(Q3) Did the family of Jesus celebrate Christmas? Did Jesus tell his followers to do it? Did anyone in the first Christian congregation do it? (Q4) How about young Timothy—was he taught that Santa Claus brought him gifts? (Q5) Paul wrote him “But wicked men and imposters will advance from bad to worse, misleading and being misled. You, however, continue in the things that you learned and were persuaded to believe, knowing from what persons you learned them and from infancy you have known the holy writings, which are able to make you wise for salvation through the faith in connection with Christ Jesus.”

(A3) I strongly believe that Jesus' family celebrated His brithday. Otherwise, we probably wouldn't know the details of his birth that were recorded in the Gospels (which tell us that Mary, His mother, pondered—remembered, kept—the things pertaining to His birth in her heart). (A4) As a feast, Christmas was not yet kept by the church in the time of Timothy. St. Nicholas (who, by the way, was a member of the council that propounded the doctrine of the Trinity in the Nicene Creed) lived several centuries after Timothy so of course Timothy was not aware of him or his generosity, much less the myths that have grown up around him, none of which are part of the church's sacred tradition but more like the stories about Paul Bunyan or Johnny Appleseed. (A5) Yes, the church has always taught this and except in the apostasy (the humanist or modernist "church" so-called) still faithfully does so.

(Q6) Did any of these holy writings mention Christmas? (Q7) Was Timothy deprived of something, so he was an incomplete Christian? (2 Timothy 3:13-15). (Q8) Is the Bible a reliable source of information to describe how a Christian should operate? (Q9) Paul continues: “All scripture is inspired of God and beneficial for teaching, for reproving, for setting things straight, for disciplining in righteousness, that the man of God may be fully competent, completely equipped for every good work” (2 Timothy 3:16).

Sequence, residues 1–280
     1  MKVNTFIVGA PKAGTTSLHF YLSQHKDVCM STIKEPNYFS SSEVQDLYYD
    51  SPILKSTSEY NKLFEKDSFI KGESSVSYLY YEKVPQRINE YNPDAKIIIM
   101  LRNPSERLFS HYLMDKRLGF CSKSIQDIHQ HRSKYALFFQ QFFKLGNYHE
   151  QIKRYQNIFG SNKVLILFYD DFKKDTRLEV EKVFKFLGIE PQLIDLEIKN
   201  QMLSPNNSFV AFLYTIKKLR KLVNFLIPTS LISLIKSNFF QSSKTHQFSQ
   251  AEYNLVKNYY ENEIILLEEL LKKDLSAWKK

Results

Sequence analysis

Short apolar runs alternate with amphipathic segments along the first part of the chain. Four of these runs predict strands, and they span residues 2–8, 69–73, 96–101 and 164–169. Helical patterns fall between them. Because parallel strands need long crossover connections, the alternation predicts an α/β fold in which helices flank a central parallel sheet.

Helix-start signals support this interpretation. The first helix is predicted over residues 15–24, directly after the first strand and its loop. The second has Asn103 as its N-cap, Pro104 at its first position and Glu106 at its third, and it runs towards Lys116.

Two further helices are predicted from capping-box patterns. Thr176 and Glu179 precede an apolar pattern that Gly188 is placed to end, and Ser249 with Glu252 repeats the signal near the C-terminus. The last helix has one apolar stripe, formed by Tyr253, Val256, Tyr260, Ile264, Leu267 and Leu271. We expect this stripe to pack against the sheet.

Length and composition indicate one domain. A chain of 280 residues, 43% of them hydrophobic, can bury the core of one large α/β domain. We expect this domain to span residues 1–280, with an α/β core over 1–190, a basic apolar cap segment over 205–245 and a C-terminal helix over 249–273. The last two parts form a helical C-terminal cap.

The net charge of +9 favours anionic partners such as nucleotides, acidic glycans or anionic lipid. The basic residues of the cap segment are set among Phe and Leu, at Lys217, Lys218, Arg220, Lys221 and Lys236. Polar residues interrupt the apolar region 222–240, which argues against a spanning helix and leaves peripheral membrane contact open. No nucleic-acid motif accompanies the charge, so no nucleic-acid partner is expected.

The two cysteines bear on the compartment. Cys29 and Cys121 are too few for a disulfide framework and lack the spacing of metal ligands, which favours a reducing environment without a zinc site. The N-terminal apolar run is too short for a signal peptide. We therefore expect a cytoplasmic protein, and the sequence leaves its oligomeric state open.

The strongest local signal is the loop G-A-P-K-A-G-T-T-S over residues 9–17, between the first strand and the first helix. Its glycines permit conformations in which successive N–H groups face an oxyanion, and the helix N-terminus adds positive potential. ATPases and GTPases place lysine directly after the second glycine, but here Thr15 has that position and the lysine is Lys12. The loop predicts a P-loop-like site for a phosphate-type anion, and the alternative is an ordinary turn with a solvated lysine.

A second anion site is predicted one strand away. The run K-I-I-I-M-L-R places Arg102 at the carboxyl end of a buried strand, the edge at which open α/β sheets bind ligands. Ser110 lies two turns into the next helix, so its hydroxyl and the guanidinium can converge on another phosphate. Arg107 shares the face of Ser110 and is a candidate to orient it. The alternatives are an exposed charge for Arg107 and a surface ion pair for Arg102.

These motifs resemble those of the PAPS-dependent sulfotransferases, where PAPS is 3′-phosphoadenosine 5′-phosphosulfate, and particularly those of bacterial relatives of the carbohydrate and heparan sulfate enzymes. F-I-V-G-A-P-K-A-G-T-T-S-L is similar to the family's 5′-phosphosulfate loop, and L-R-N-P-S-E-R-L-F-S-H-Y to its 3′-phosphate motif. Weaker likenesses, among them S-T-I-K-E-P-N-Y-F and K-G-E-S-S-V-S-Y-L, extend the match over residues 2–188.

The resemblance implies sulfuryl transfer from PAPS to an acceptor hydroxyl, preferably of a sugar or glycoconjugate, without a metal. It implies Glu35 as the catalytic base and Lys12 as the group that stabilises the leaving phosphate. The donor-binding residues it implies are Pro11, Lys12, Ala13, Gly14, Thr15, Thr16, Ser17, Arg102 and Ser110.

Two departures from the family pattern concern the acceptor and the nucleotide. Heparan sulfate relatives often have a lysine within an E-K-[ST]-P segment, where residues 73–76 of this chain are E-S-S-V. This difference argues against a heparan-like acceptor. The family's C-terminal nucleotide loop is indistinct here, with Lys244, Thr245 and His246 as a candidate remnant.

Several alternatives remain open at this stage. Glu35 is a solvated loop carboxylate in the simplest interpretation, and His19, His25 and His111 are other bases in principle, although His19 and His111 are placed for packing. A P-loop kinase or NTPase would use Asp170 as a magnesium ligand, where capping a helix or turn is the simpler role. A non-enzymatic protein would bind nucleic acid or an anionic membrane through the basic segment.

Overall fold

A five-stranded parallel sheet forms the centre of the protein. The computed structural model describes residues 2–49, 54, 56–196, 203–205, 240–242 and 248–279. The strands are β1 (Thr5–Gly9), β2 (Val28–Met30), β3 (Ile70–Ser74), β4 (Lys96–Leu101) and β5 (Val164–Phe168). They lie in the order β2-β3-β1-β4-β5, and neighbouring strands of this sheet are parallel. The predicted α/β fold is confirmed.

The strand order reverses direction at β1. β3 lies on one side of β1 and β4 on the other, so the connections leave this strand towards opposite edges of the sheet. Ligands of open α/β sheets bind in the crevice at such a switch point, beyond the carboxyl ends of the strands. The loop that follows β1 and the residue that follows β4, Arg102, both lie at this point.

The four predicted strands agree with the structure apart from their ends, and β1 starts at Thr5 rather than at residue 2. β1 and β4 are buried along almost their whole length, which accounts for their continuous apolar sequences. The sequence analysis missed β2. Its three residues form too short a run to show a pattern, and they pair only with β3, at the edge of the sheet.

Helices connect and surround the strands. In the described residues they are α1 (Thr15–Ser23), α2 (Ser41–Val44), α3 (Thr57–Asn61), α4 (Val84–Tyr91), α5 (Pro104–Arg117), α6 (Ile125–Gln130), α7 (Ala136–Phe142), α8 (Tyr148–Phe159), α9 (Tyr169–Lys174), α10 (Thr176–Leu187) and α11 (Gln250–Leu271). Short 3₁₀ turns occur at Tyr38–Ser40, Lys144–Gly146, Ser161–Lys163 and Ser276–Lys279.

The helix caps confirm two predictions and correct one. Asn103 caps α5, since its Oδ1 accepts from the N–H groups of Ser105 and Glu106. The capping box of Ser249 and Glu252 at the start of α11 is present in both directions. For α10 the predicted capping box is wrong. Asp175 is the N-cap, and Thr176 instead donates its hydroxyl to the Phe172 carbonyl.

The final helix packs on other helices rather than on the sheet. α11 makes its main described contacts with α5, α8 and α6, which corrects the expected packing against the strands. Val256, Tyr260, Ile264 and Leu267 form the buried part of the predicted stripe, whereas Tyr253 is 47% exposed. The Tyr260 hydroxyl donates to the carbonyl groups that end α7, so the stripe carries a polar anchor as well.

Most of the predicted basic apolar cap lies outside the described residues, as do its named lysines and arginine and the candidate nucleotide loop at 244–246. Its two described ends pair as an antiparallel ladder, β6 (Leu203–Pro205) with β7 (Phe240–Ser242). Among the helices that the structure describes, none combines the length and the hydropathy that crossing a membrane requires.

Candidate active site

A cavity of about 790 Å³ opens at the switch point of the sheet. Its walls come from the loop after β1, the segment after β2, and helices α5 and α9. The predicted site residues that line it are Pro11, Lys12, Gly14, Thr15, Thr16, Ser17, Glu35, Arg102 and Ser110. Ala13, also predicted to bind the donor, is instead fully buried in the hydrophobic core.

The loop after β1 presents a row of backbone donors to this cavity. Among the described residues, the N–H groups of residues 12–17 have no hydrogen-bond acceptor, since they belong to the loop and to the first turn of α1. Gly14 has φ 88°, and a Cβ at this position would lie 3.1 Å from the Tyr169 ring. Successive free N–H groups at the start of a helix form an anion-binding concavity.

(A6) No. And neither did they mention the Trinity or the New Testament itself. They do say, however, that the Spirit will guide the church into all truth (indicating that not all truth has yet, at the time of the writing, been unfolded) and that the church, not the holy writings, is the ground of the truth. It also stresses that the Scriptures are of no private interpretation (meaning that its interpretation is the responsibility of the church, not "Lone Ranger Christians"). (A7) No. But what does this have to do with Christmas? (A8) Yes, but as indicated in A6, it does not claim to have revealed all that's going to be part of the church's life. (A9) No argument here. The church has no quibble with Paul on these excellent points.

Webmaster Jon Kennedy 

First article in series | Second | Third | Fourth | Fifth | Sixth | Seventh

A complete index of Jon Kennedy's Jonals for 2001 - 2004

A rhyme for the season (winter, that is)

I made myself a snowball, as perfect as could be,
I thought I'd keep it as a pet, and let it sleep with me.
I made it some pajamas, and a pillow for its head,
Then last night it ran away, but first it wet the bed.

— Selected 

Thought for today

The Virgin, heavy with the Word of God, comes down the road: If only you'll shelter her.

Saint John of the Cross